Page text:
By Changing U.S. Policy Toward Cuba, Barack Obama Got Something Right

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By Changing U.S. Policy Toward Cuba, Barack Obama Got Something Right

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After more than 50 years of a failed foreign policy, President Barack Obama formally announced on Wednesday that his administration will re-open the United States Embassy in Havana, Cuba. The historic announcement comes nearly seven months after the administration set in motion the restoration of diplomatic ties with Cuba.

In 1961, the United States, under President Dwight D. Eisenhower, severed diplomatic ties with Cuba. The tiny island country located approximately 90 miles off from Miami had come under the control of a dictator, Fidel Castro, who’d risen to power more than two years prior by toppling Fulgencio Batista, who was friendly to the U.S. The next administration, under President John F. Kennedy, added to tensions by expanding sanctions against Cuba.

CubaForeign policy experts praised the initial move. In December, Daniel Drezner, a professor of international politics at Tufts University’s Fletcher School of Law and Diplomacy, explained that the foreign policy approach toward Cuba had been a failure.

“U.S. policy on Cuba has been, literally, isolationist — as in, it isolates the United States. Unlike other cases, there is zero multilateral support for sanctioning Cuba — quite the opposite, in fact,” Drezner wrote. “Improving ties with Havana ameliorates a long-standing source of friction between the United States and Latin America. That’s called ‘good diplomacy.’”

At a press conference on Wednesday, Obama said that the new approach “is not merely symbolic.”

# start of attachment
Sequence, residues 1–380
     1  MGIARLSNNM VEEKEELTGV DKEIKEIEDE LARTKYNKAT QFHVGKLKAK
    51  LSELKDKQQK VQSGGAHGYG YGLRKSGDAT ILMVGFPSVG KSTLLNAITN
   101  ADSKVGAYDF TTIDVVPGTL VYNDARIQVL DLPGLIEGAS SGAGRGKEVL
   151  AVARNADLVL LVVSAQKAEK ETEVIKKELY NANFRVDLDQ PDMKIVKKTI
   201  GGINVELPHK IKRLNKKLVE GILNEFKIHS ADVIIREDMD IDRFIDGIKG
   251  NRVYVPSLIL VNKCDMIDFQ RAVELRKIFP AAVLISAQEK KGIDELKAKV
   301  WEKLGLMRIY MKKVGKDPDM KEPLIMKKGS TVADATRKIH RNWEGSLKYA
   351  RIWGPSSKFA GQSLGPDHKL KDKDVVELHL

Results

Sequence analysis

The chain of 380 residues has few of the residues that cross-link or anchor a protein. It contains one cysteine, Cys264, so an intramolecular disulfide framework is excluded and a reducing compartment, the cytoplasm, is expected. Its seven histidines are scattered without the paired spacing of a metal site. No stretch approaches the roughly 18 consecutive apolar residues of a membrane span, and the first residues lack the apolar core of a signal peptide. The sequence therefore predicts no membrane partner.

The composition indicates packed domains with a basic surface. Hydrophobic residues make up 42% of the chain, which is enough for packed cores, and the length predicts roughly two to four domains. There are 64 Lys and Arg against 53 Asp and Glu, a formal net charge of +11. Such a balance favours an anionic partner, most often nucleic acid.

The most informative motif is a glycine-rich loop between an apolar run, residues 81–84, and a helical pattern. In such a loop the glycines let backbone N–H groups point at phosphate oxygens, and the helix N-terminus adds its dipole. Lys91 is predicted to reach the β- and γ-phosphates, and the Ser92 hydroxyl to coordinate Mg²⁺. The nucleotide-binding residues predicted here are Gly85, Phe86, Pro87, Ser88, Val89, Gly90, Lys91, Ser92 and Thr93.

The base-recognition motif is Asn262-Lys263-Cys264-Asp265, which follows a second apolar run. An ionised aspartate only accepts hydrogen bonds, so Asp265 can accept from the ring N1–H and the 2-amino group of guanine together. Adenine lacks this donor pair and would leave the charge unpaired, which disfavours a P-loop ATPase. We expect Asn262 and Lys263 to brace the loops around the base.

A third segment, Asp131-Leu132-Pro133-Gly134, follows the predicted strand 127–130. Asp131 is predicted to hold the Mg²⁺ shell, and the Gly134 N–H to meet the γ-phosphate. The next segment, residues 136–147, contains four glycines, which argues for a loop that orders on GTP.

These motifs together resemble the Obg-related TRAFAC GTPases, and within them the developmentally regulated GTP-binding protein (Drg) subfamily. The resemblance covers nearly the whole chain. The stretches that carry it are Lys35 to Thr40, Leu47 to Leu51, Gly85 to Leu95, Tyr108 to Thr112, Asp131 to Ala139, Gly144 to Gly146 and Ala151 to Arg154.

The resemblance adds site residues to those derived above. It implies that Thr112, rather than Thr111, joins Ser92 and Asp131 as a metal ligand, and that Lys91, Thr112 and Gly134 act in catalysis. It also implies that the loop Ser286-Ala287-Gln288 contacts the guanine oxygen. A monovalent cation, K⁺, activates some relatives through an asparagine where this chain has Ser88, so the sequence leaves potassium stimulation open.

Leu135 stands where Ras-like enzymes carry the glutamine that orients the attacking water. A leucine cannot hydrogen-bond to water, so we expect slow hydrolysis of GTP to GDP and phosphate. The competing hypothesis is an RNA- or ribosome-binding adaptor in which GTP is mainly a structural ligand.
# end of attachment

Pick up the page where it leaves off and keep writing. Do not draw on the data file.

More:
With this change, we will be able to substantially increase our contacts with the Cuban people. We’ll have more personnel at our embassy. And our diplomats will have the ability to engage more broadly across the island,” he explained. “That will include the Cuban government, civil society, and ordinary Cubans who are reaching for a better life.”

While there are many entirely valid criticisms of the administration policies, particularly domestic policy, Obama got this one right. There are, of course, critics. Sen. Marco Rubio, R-Fla., whose parents left Cuba before Castro toppled Batista, slammed Obama, claiming that his administration handed Cuba a gift.

“Throughout this entire negotiation, as the Castro regime has stepped up its repression of the Cuban people, the Obama Administration has continued to look the other way and offer concession after concession,” said Rubio in a press release. “The administration’s reported plan to restore diplomatic relations is one such prized concession to the Castro regime. It remains unclear what, if anything, has been achieved since the President’s December 17th announcement in terms of securing the return of U.S. fugitives being harbored in Cuba, settling outstanding legal claims to U.S. citizens for properties confiscated by the regime, and in obtaining the unequivocal right of our diplomats to travel freely throughout Cuba and meet with any dissidents, and most importantly, securing greater political freedoms for the Cuban people.”

“I intend to oppose the confirmation of an Ambassador to Cuba until these issues are addressed. It is time for our unilateral concessions to this odious regime to end,” he added.

Similarly, Sen. Ted Cruz, R-Texas, in a press release of his own, said Obama is “rewarding one of the most violently anti-American regimes on the planet with an embassy and an official representative of our government.” Cruz, like Rubio, plans to stall the confirmation of any nominee to serve at ambassador to Cuba.

Sen. Jeff Flake, R-Ariz., however, was supportive of the policy shift. “It’s long past time for U.S. policy toward Cuba to be associated with something other than five decades of failure,” he said. “It is difficult to overstate the importance of resuming diplomatic relations ‎with Cuba, in furthering our own national interests, benefiting our relations in the region, and encouraging a positive future for the Cuban people.”

The best way to promote the values of political and economic liberty is through open relations and free trade. Those who fail to realize this basic truth are, in reality, isolationists. As Cubans get see more economic liberty, they will desire more political liberty. It may take time, but that’s better than continuing an insane foreign policy approach that allows the Castros to make Cuba out to be victims.

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